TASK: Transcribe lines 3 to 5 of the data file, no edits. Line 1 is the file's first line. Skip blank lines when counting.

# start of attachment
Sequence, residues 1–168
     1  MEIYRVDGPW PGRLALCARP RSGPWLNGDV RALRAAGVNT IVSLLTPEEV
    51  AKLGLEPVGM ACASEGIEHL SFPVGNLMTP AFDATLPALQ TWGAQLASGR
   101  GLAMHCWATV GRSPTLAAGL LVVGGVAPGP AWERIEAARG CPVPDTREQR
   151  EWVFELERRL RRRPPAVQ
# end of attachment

    51  AKLGLEPVGM ACASEGIEHL SFPVGNLMTP AFDATLPALQ TWGAQLASGR
   101  GLAMHCWATV GRSPTLAAGL LVVGGVAPGP AWERIEAARG CPVPDTREQR
   151  EWVFELERRL RRRPPAVQ